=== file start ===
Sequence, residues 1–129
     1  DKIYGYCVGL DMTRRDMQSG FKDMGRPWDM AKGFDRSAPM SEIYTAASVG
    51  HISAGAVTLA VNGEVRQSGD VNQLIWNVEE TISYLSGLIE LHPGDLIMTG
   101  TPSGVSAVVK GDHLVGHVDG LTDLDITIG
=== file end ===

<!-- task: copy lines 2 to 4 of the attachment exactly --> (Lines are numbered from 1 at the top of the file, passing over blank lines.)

     1  DKIYGYCVGL DMTRRDMQSG FKDMGRPWDM AKGFDRSAPM SEIYTAASVG
    51  HISAGAVTLA VNGEVRQSGD VNQLIWNVEE TISYLSGLIE LHPGDLIMTG
   101  TPSGVSAVVK GDHLVGHVDG LTDLDITIG